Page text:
Single Stage Retrograde Replacement of Thoracic Aorta With Aortic Valve Replacement
A median sternotomy was done. A 7 mm dacron graft was attached to the
right axillary artery and right femoral artery for arterial access.
Arch vessels were dissected and looped. A right atrial cannulation was
done using double-stage venous cannula. Cardiopulmonary bypass was
initiated. A right superior pulmonary vein vent was inserted and the
patient was cooled to 22 degrees centigrade. While cooling the patient, a
left anterolateral thoracotomy was done and the pleural cavity was
entered through the fifth intercostal space. Bypass grafting was done to
the ramus intermedius using the saphenous vein. Aortic cross-clamp was
applied. An aortotomy was done. A regurgitant aortic valve was found to
be retracted and calcified. Custodial cardioplegia was given through
coronary ostia for myocardial protection. After cooling the patient to
22 degrees centigrade, circulatory arrest was established. The
innominate artery was clampled with antegrade perfusion continuing to
flow through the right axillary artery. The arch of the aorta was
excised. An antegrade cannula was inserted into the left common carotid
artery for left-sided cerebral perfusion. The left subclavian artery was
looped and snugged using cotton tape. A pericardial stay stitch was
taken and the heart was pulled medially for proper exposure of the
descending thoracic aorta. The inferior pulmonary ligament was divided
and the lung was retracted. The descending thoracic aorta was transected
at the level of the diaphragm. A distal anatomosis was done using a 26
mm Dacron graft, which was reinforced with teflon felt on the aortic
After de-aring, visceral perfusion was restored through the femoral arterial line. Back bleeding from the intercostal arteries was identified and closed using 4-0 prolene sutures. The graft was then brought retrograde through the aneurysm into the mediastinum. Using this technique, one can avoid injury of the phrenic and recurrent laryngeal nerve. The graft was then filled again through the femoral line for proper alignment and avoiding kind, and then clamped again. Carol’s patch was created for arch vessel anastomosis. An opening was made in the graft. Antegrade cannula in the left common carotid artery was removed and reinserted through the graft in order to avoid interference during arch anastomosis. Arch vessel anastomosis was done with teflon felt on the aortic side. De-airing of the aorta was done and total body perfusion was restored. As the arotic valve was regurgitant, cusps were retracted and calcified, and the aortic sinuses were normal, it was decided to replace the valve with a 23 mm bioprosthetic valve. The proximal end of the aorta was anastomosed to the graft and it was reinforced with teflon felt on the outer side. The top end of the vein graft was anastomosed to the neo-ascending aorta. The patient was weaned off cardiopulmonary bypass. He was shifted to the ward on postoperative day three and discharged on postoperative day nine.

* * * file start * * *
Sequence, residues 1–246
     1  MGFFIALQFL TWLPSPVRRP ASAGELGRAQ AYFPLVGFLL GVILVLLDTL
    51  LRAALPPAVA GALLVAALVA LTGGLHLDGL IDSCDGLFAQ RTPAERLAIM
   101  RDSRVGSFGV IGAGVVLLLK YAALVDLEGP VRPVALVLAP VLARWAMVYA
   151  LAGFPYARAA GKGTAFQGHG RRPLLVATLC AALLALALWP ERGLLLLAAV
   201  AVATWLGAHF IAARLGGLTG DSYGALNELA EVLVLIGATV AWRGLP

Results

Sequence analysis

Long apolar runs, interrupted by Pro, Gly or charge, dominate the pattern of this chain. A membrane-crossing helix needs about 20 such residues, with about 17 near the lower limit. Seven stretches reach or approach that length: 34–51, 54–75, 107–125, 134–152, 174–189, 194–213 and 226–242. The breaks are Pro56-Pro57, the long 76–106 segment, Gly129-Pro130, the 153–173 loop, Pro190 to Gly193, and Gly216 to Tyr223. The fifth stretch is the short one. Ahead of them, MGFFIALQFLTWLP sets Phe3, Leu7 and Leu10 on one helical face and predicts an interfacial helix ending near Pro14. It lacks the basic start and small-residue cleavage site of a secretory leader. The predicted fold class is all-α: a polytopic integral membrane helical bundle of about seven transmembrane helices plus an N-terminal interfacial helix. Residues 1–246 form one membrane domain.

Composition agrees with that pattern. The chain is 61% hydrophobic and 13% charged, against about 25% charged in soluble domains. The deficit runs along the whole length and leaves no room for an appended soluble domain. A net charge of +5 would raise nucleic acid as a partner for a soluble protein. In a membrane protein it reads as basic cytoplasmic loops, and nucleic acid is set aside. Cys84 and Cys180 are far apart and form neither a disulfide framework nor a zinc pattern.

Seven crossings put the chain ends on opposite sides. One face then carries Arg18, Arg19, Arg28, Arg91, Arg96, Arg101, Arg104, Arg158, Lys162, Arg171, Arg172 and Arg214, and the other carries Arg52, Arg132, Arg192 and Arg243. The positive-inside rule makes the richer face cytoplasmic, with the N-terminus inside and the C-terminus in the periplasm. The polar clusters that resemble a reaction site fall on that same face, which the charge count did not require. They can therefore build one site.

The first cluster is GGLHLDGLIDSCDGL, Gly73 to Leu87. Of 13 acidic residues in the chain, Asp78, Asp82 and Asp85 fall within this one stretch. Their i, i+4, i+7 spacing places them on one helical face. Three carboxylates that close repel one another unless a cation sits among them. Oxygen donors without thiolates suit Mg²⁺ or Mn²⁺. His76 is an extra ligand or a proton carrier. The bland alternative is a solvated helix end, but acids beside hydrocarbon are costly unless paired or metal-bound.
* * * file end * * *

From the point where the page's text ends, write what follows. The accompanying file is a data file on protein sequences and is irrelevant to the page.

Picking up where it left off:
The image in the video shows the incision site and healed wounds, as well as reconstructed CT images comparing preoperative and two year post-surgical status. So far, the authors have performed this procedure in 22 patients with no mortality and excellent long-term results. In their experience, patients with extensive involvement of the ascending arch and descending thoracic aorta can safely undergo this procedure with a good prognosis. A CT aortogram of this patient, 25 years after single stage replacement surgery, is shown.
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- Beaver TM, Martin TD. Single-stage transmediastinal replacement of the ascending, arch, and descending thoracic aorta. Ann Thorac Surg. 2001 Oct;72(4):1232-1238.